Blimey, that title's so long I forgot what I was doing. :)

Oh yeah, photos of Medium D's... wasn't sure if you had seen them... and it makes a good excuse to see how you're doing with your plans.

Helen x

Oh poop! photos didn't attach..... grrrrr....... try again!



-- Edited by MK1 Nut on Thursday 11th of April 2013 11:17:14 PM

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Legend

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Helen: the top photo in your post is the Medium D* - an amphibious variant widened about a foot to 8' 5", with the turret moved forwards closer to the idlers. This photo is one of the few commonly found online, but the other one, which I understand is the even wider (9 feet), plus longer (31' 10" rather than 30ft) Medium D** (two star), is one I only saw recently for the first time. I've only seen it as a small pic in an image search, so thanks for posting a larger version! Both of these tanks were built by the Wolseley division of Vickers; the D* was considered lacking in stability, but the D** was okay and seems to be the basis for the final D Modified, which had a new turret with an additional cupola. Wolseley-built tanks can be identified (regardless of whether D, D*, or D**) by the pent-roof top of the turret; the Fowler-built Mk Ds had a curved roof, the D Modified (built by ROF Woolwich) had a flat roof, whilst the mockup appears to have had a three-section roof like that used later on the Light Infantry Tank - a flat centre panel with sloped ones to either side.

Charlie: that's interesting about the notes the Americans made. I am aware of the M1921 and M1922 from the Tanks website, also that an M1922 survives - although somewhat shabby from years outside at APG. Not sure about only one being built: I've read somewhere that there were as many as half a dozen prototypes, and certainly there is photographic evidence of slight differences between at least two examples. Either that, or the sole example did not originally have the T-section straps down some of the plate seams on the side (amidships, below the mud chute). Also, they may have experimented with different armaments, as some sources state it was a 57mm, whilst photos sometimes show a skinny barrel (the 37mm) and others a fatter one (a 57mm/6pr, presumably). In any case it's an interesting machine and deserves to be included in any consideration of the D - it is a cousin!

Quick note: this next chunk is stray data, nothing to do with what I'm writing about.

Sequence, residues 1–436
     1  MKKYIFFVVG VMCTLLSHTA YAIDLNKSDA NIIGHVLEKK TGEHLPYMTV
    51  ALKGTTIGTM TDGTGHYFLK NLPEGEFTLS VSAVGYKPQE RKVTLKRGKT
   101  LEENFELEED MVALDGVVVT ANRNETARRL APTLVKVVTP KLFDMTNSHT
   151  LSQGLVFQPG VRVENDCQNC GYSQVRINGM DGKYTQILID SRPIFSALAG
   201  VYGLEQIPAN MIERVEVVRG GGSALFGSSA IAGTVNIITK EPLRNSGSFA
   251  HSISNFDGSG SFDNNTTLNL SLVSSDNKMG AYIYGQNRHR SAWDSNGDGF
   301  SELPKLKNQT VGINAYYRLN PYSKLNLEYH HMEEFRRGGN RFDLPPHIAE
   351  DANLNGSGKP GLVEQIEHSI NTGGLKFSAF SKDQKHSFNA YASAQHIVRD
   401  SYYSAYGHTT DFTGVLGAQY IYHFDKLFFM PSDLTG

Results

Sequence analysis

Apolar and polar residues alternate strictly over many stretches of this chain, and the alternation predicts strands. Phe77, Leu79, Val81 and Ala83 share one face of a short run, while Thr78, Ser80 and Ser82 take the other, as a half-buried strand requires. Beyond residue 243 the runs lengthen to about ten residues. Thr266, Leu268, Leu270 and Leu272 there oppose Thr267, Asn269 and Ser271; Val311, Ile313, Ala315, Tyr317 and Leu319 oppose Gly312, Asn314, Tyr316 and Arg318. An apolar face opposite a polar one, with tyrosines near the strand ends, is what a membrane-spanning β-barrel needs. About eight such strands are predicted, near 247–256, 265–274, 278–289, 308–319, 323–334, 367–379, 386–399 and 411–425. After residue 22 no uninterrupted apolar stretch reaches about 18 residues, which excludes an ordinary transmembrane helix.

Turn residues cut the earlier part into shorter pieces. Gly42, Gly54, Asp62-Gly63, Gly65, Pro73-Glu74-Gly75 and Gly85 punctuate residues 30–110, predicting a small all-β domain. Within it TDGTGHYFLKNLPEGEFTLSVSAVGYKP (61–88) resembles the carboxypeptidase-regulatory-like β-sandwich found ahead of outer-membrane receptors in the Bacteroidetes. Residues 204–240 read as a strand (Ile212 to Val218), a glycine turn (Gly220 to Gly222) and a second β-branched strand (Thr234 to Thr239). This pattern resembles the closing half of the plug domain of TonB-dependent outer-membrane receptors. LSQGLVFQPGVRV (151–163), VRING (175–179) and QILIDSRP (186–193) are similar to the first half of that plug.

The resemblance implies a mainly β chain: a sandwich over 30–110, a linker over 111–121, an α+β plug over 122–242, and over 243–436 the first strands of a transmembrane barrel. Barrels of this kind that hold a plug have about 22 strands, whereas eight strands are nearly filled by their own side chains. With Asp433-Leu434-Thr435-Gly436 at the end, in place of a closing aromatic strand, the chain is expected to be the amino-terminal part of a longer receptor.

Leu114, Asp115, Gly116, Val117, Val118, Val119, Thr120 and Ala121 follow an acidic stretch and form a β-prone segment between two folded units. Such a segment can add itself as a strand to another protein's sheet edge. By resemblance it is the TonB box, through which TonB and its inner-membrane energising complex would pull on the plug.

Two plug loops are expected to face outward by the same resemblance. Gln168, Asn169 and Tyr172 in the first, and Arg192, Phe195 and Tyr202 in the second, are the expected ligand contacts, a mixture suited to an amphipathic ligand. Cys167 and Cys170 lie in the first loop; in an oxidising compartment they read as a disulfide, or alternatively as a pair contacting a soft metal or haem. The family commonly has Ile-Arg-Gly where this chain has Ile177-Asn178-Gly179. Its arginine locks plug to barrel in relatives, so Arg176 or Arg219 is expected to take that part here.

As for the plans? I have not drawn any more since my last post, but I have mulled over the shape of the side profile, which I now think looked little, if any, different from the mockup. Now that you have both shown fresh interest in the plans, I must get back to work on it

PS - had a quick at John Glanfield's "The Devil's Chariots" in a bookstore recently: according to him, Medium C production was cancelled so that the Medium D could proceed, despite reservations from some about troops being unable to keep up with a faster tank. Some sources say that plans were initially made for 75 tanks, with this number being reduced and reduced again, but Glanfield states that the original desire was to order 500(!) before lack of money caused the number to be dropped to 75, then 45, then 20. His account says that the D* and D** were ordered for comparative tests of stability, suggesting that they were planned rather than a reaction to insufficient stability in previous attempts. Interestingly, he implies that the original "D" was intended to be amphibious (some sources say it was not), and says that the first example (built by Fowler's) was sent for amphibious trials before it was destroyed by a fire.

On a related subject, mentioned a few weeks ago in a different thread, the Mk V (serial 9425) that served as test-bed for the snake-track and wire-rope suspension did have a speed of about 10-12mph according to Glanfield, as someone said at the time, although it was apparently capable of going twice as fast downhill! Whilst on the subject of Johnson's experiments, Glanfield quotes 180hp and around 20mph for the sprung, Rolls-Royce-engined Whippet, rather than the 30mph and 360hp figures usually encountered; he also quotes the same horsepower for the Rolls-Royce powered prototype for the MkVIII. No idea if these figures are correct, but one of the foreign Wikipedia entries for either Medium D or Whippet (Estonian, perhaps?) gave the 20mph figure when I looked at it a few months ago, and 360hp does sound rather high when the latest production model of R-R Eagle (the VIII) had about 270hp at best (if Wikipedia has correct figures!).



-- Edited by TinCanTadpole on Friday 12th of April 2013 04:05:43 AM

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Legend

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There is another line of development of the Medium D - the U.S. M1921 and M1922 medium tanks. The Americans received Medium D plans

and built their own version. The M1922 had the snake track. The main difference between the U.S and British tanks was a turret with a 37mm

gun on the American tank. Financial constraints on the U.S. Army meant that only one example of each type was built as experimental vehicles.

The Ordnance Dept testing had endless problems with an underperforming engine and noted that although the suspension worked well the suspension cable

wore out very quickly.

Regards,

Charlie



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Legend